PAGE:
When the fish is dry, prepare your smoking set up (you’ll want to open all your windows for this). Place the wood chips in the bottom of a large roasting dish or wok, anything that is safe to use on your stove top. Place a metal rack or perforated tray above this. Place your fish on the rack, then tightly seal the entire thing with tin foil. Place this over a high flame to ignite the wood chips, then turn it down to medium low and let it smoke for 20-30 minutes. You want the skin to be copper, and the meat to be firm.
2. BRAISED WHITE BEANS WITH GREEN GARLIC AND BAY
500g large dried white beans (alubias, gigante)
vegetable stock to cover (approx. 2L)
2 stalks of young green garlic
6 fresh bay leaves
1 tablespoon whole black peppercorns
good, spicy olive oil
Soak the dried white beans in plenty of water overnight for at least 12 hours.
The next morning, drain the white beans from the soaking water and give them a good rinse. Put them in a large pot, and add the vegetable stock to cover the beans by about two inches. Set over high heat, and bring to a boil. Once boiling, reduce the heat to medium low, and simmer for two hours. Add the green garlic, bay leaves, and peppercorns. Simmer for about 2 more hours until the beans are very tender, but not mushy. Stir in a healthy pour of olive oil, and season with salt to taste.
3. OLIVE OIL CAKE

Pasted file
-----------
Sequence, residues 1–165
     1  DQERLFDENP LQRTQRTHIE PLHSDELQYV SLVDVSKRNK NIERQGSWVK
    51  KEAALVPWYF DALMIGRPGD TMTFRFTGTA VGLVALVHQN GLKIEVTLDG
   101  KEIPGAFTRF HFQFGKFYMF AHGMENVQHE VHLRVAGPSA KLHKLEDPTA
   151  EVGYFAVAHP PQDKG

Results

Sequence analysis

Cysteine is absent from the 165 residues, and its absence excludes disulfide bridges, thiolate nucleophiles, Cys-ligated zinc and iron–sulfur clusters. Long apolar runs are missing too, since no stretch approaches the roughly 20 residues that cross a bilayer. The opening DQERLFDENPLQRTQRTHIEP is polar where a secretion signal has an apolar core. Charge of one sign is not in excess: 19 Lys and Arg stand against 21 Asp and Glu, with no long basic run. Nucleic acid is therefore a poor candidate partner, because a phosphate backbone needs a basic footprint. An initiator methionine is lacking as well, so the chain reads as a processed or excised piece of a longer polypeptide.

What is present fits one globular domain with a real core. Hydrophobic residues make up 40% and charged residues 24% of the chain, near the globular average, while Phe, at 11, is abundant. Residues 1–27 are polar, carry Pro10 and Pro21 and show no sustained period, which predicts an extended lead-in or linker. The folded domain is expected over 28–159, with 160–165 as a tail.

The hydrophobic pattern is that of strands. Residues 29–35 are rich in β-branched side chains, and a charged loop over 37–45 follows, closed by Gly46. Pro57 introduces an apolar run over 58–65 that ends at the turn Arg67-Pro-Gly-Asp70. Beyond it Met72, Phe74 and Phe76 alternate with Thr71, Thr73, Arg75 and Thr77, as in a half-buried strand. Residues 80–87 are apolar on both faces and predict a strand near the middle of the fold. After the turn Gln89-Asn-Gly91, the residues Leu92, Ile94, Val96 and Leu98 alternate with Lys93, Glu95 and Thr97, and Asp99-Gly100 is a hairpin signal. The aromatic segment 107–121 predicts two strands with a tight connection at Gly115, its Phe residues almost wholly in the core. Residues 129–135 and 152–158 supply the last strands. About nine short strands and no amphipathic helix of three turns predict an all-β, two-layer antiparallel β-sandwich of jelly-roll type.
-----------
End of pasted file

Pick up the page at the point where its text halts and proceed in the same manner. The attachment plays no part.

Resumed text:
175g refined sugar
5g baking soda
5g baking powder
140ml nice olive oil
170ml whole milk
1 tablespoon vanilla extract
2 large eggs
Preheat your oven to 180* celsius. Line an 8 inch cake mold with parchment paper. In a large bowl, sift together the flour, sugar, salt, baking powder, and baking soda. In a separate medium bowl, whisk the olive oil, milk, and vanilla extract. Beat the eggs well, and add them to the liquids. Make a well in the center of the dry ingredients, and gently stir in the wet ingredients. Pour the batter into the prepared cake tin, and bake in the center of the oven for 35 minutes, or until the center springs back and the top of the cake is slightly caramelized.
We serve ours as a take on a victoria sponge, filling it with lightly sweetened whipped cream and seasonal jam. The world is your oyster though, feel free to eat it with fresh fruit or chocolate ganache or as is, piping hot straight from the oven.